rate in 2012 is 3.65%. In 2011 the
detention rate was 3.61%. In 2010 the
detention rate was 3.28%, the lowest
detention rate ever. This is the second
year that the average detention rate
has increased.
White, Grey and Black List
The White, Grey and Black (WGB) List
presents the full spectrum, from quality
ags to ags with a poor performance
that are considered high or very high
risk. It is based on the total number of
inspections and detentions over a 3-year
rolling period for ags with at least 30
inspections in the period.
On the White, Grey and Black list
for 2012 a total number of 78 ags are
Deciencies
In 2010 the number of deciencies
recorded was 64,698. In 2011 the
number of deciencies was 50,738.
In 2012 the number of deciencies
decreased further to 49,261. Compared
with 2011 this is a decrease of 3%.
In 57% of all inspections performed,
one or more deciencies were
recorded. In 2011 this gure was 56%.
The average number of deciencies
per inspection also increased from
2.6 in 2011 to 2.7 in 2012.
Detentions
Some deciencies are clearly
hazardous to safety, health or the
environment and the ship is
detained until they are rectied.
Detention rates are expressed as
a percentage of the number of
inspections, rather than the number
of individual ships inspected to take
Facts & Figures
2012
In the following pages the facts and gures of 2012 are listed. The
trend that begun in 2011 when the New Inspection Regime entered
into force has continued. For the second year in a row the inspection
gures show a decrease in the number of inspections, deciencies and
detentions, but an increase in the detention rate.
19
ANNUAL REPORT 2012
load ships (9.68%) and general cargo/
multipurpose ships (5.99%) was
higher than the detention rate of other
ship types. Ship types like other special
activities ships, refrigerated cargo
ships and tugs have a lower detention
rate of 4.34%, 4.23% and 3.39%
respectively. The other ship types have
even lower detention rates.
Performance of Recognized
Organizations
For several years the Committee has
closely monitored the performance
of classication societies acting as
Recognized Organizations for ag
States. To calculate the performance
of the Recognized Organizations, the
same formula to calculate the excess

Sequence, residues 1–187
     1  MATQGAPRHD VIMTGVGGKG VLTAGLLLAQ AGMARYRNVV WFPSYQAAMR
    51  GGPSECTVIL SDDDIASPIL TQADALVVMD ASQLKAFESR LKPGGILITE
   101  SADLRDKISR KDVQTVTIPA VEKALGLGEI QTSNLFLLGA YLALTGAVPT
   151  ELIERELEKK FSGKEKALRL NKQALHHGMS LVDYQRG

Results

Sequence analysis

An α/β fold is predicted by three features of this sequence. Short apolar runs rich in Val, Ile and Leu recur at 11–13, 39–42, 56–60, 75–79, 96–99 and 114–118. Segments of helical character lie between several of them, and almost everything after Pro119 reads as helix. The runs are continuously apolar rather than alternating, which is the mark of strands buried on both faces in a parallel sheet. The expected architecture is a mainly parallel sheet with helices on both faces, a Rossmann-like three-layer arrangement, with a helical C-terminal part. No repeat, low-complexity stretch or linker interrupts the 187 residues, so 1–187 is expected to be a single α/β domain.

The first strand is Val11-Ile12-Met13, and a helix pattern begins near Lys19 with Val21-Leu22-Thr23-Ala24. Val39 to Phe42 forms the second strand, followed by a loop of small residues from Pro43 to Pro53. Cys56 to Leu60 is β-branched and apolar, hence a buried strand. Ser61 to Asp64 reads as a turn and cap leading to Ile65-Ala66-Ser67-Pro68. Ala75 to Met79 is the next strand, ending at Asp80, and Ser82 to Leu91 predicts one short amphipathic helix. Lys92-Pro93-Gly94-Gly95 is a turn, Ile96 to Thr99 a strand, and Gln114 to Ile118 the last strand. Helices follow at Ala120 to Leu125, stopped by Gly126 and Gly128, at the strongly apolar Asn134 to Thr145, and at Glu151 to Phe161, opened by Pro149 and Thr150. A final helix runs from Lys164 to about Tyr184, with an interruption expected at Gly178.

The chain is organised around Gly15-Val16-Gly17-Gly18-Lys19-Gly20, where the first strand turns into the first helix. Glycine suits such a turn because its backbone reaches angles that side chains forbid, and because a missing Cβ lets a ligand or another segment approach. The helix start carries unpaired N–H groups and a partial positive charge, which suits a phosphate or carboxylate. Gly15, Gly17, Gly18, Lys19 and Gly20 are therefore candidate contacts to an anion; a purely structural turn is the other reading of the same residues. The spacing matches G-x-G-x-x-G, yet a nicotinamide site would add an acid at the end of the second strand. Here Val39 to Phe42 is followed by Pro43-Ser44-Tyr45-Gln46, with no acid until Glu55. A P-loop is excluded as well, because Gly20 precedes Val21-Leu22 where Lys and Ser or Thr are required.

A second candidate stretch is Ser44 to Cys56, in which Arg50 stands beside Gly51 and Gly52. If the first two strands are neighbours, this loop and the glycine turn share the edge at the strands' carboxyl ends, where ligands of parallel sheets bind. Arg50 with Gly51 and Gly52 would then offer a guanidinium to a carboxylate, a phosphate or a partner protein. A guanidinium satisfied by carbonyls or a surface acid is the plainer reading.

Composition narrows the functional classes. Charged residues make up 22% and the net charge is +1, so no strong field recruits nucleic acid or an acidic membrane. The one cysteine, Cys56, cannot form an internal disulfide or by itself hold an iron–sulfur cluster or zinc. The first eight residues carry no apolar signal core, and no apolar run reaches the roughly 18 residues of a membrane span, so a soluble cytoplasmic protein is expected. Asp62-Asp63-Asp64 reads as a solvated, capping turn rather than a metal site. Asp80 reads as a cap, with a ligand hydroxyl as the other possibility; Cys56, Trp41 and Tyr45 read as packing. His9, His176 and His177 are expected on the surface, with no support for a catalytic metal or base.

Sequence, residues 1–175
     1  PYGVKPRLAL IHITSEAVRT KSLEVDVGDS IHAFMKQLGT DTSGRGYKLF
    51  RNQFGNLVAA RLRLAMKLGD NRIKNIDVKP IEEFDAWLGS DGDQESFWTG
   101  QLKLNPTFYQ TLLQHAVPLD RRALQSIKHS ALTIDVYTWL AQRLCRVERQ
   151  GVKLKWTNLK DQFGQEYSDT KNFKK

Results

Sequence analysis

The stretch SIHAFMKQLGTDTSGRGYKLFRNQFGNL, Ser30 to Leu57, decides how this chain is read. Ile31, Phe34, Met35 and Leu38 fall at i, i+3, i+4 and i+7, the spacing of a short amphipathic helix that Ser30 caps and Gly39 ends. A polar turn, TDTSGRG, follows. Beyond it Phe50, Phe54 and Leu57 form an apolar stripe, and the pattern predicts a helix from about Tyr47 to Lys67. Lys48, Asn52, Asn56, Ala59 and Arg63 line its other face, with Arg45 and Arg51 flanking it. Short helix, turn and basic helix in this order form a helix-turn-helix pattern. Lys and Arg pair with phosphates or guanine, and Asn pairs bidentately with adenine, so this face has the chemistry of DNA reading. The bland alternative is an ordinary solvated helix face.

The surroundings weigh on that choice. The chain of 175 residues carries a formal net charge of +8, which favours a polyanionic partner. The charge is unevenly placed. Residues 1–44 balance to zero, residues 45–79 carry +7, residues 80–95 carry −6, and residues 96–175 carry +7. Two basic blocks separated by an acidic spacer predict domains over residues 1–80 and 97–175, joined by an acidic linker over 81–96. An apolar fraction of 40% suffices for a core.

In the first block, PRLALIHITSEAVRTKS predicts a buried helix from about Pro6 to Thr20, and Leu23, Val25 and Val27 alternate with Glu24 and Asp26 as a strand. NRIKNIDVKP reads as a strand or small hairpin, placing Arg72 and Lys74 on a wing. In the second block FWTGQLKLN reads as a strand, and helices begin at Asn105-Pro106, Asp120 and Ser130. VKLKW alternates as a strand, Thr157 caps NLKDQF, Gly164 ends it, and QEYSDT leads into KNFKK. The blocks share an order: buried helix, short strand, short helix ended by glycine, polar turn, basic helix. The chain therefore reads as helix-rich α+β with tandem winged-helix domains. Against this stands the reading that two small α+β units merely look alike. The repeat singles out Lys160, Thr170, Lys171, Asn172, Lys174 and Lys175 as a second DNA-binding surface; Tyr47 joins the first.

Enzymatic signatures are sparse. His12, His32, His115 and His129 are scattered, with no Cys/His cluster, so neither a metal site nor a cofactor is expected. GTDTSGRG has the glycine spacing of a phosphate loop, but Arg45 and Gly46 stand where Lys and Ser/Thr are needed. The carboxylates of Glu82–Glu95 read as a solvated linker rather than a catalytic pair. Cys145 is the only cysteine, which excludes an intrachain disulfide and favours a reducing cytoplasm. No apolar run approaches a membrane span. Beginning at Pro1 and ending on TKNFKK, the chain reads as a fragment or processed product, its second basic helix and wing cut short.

factor of the ags is used. A minimum
number of 60 inspections per RO
are needed before the performance
is taken into account for the list. In
2012 30 ROs are recorded on the
performance list.
listed: 45 on the White List, 19 on
the Grey List and 14 on the Black
list. In 2011 the number of ags listed
totalled 80 ags, namely 43 on the
White List, 20 on the Grey List and
17 on the Black List.
The White List represents quality
ags with a consistently low detention
record. Compared with last year, the
number of ags on the White List
has increased by 2 ags to a total
number of 45 ags. New on
the White List are the United States
and Thailand, last year still on the
Grey List.
France has been placed highest on the
list in terms of performance. The next
in line of the best performing ags
in 2012 are Germany, Hong Kong,
Sweden and Greece.
Flags with an average performance
are shown on the Grey List. Their
appearance on this list may act as an
incentive to improve and move to the
White List. At the same time ags at
the lower end of the Grey List should
be careful not to neglect control over
their ships and risk ending up on the
Black List next year.
On this years Grey List a total
number of 19 ags is recorded. Last
year the Grey List recorded 20 ags.
New on the Grey List are the Syrian
Arab Republic and Ukraine, last year
still on the Black List.
The poorest performing ags are
Bolivia, Tanzania and Togo.
A graph of the distribution of listed
and not listed ags indicates that only
0.5% of the ships inspected are from
ags not listed on the WGB list.
Ship type
In 2012 the detention rate of heavy
PORT STATE CONTROL - TAKI NG PORT STATE CONTROL TO THE NEXT LEVEL
Among the best performing recognized
organizations were:
American Bureau of Shipping (ABS)
Det Norske Veritas (DNV)
Lloyds Register (UK) (LR)
The lowest performing organizations
were:
Phoenix Register of Shipping
(Greece) (PHRS)
INCLAMAR (Cyprus)
Register of Shipping (Albania) (RSA)
Compared with last years performance
level, a small shift in RO performance
in 2012 can be noticed. This year fewer
is an increase compared with the 13.2%
of the previous year.
Refusal of access of ships
A total of 15 ships were banned from
the Paris MoU region in 2012 for
reasons of multiple detentions (11),
failure to call at an indicated repair
yard (3) and jumping detention (1).
A number of ships remain banned from
previous years.
Deciencies per major category
The number of deciencies in areas
such as certicate & documentation,
re safety, safety of navigation and
organizations have been placed on the
high and very low performing part of the
list and more organizations have been
placed on the medium part of the list.
Details of the responsibility of